Re: The language issue...

Mark Waks (
Mon, 18 Jul 94 13:03:48 EDT

Peter proposes something like this:
>for ever do
> for count = 1 to 180 / 5 do
> rotate(x, -5);
> rotate(y, -5);
> rotate(z, -5);
> endfor
> for count = 1 to 180 / 5 do
> rotate(x, 5);
> rotate(y, 5);
> rotate(z, 5);
> endfor

and asks:
>So what da ya think? Is this syntax too complex?

Yep. (Indeed, I think it's slightly worse than a simple Lisp, but that's
not the point I'm going to make.)

I'm going to make a few assertions; they are unquestionably subjective,
but they're backed up by a number of years of watching how people
interact with computers. (I have something of an advantage in my
family, which ranges the full spectrum from professional programmers
to mild technophobes, but all of whom use the things.)

First: *any* language which has "syntax" is going to scare most
people off. We're talking about normal people here, not technophiles.
Most of these are the people who turn to Prodigy, not because it's
the coolest service around, but because it's trivial to use and has
good tech support anyway. And most of them are going to be scared off
by *anything* that smacks of a real computer language. They want to
be able to tell the computer what to do in as natural a way as possible.

Second: there is no way this project is going to come up with a
language that *is* natural for these folks. It's a very hard problem,
which people have been working on for decades. Every attempt I've
ever seen or worked in (and I've worked in a bunch, from Cobol to
Progress) has been a bastard, sacrificing real expressive power
while still not being *nearly* intuitive enough. People want to
be able to use natural language to describe behaviour, and that's
hard. (And please don't cite adventure games at me as counter-
evidence; there is a *world* of difference between interactive and
algorthmic expression.)

Third: frankly, I believe, deep in my heart, that *no* language, no
matter how natural, will suffice to enable non-programmers to develop
descriptions of any sohpistication. The problem isn't the mode of
expression, but the mode of thought. Creating any sort of real
application requires algorithmic thinking, and thinking like that
requires some training. I honestly believe that, even if there
existing a "programming language" as natural to people as English,
most still wouldn't be able to program -- they're not used to thinking
that way.

(A caveat here: my definition of a "programmer" is somewhat recursive
here -- it basically means someone who *can* develop applications,
because they *do* understand algorithmic thought. My wife isn't a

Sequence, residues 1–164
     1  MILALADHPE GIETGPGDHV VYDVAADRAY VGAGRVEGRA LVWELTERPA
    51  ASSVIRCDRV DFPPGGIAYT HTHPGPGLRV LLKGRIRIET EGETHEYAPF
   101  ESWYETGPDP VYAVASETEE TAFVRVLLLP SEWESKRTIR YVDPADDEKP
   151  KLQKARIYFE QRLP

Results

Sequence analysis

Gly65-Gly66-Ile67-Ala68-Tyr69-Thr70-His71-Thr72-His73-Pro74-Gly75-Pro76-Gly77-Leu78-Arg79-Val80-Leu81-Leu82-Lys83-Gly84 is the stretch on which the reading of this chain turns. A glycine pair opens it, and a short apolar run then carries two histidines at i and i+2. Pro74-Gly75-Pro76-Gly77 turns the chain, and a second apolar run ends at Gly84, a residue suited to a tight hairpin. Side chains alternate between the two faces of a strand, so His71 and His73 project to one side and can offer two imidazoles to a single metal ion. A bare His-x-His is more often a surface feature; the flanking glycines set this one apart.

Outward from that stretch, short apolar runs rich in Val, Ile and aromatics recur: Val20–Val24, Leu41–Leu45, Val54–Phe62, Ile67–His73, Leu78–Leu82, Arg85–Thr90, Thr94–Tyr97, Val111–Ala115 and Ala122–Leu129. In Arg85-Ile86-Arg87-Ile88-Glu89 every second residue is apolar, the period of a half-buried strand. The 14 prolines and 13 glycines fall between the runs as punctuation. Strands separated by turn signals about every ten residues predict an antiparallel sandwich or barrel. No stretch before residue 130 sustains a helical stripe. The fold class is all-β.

professional programmer, but *is* a programmer in a very real sense,
because she groks the necessary concepts, and she *does* develop at
least modest programs. My mother, on the other hand, is a true
non-programmer -- she's perfectly comfortable with computers, but
simply doesn't understand programming and has no desire to learn...)

Fourth: the sort of simple problem Peter describes shouldn't be solved
by any sort of programming language, but by parameterized
"engines". One of the reasons I've come to favor Inventor is that its
engine mechanism is a very elegant way of expressing whatcha might
call "static dynamic behaviour" -- that is, simple loops and
triggers. It describes them in a pleasantly unalgorithmic, object-like
way. This sort of mechanism is *very* amenable to creating good tools
that *are* intuitive for the average person to use. Instead of the
program Peter gave above, the user would go through an interaction
(using mouse clicks) running like,

"Okay, take that widget. Now, start it spinning. No, a little faster
than that. Yeah, that's good. Now, let it spin halfway around, then
stop and come back."

Same effect; better intuition. It requires us to decide what engines
people are likely to want (Gavin has pointed out to me in private use
that even SGI recognizes that Inventor's base set is minimal). For
those concepts, we can have mechanisms that are extremely easy-to-use;
hopefully, easy enough for the non-programmer to utilize.

Finally: the tradeoff is simplicity of use vs. flexibility. My final
assertion is that we will not find a single mechanism that satisfies
both at all well, for the reasons outlined above. Therefore, it seems
to make sense to have two mechanisms, one that is easy enough for the
non-programmer, but somewhat limited, and one which is hopefully not
*too* complex, but worries most about full expressive richness, and
allows the user to develop arbitrarily complex applications. Without
the truly simple mechanism, only programmers will be able to develop
non-static pages; without the rich one, we will stunt cyberspace's
growth, by making it difficult to push the envelope of what you can

As I said before, I don't think we need to decide on an interface
language now; strictly speaking, we don't even have to decide now that
it will exist, just so long as we don't build things in such a way
that it can't. Ultimately, though, I think the way to go is with a
powerful interfacelanguage, while expressing the simpler capabilities
using engines or some similar mechanism that can be easily

-- Justin
Who is trying to get across that point
that I don't *care* about the simple
problems; they're easy to solve. I'm
more concerned with how one will
handle complex ones...

Random Quote du Jour:

"In England, anything not expressly forbidden is permitted.
In Germany, anything not expressly permitted is forbidden.
In France, even things expressly forbidden are permitted."
-- from the Wall Street Journal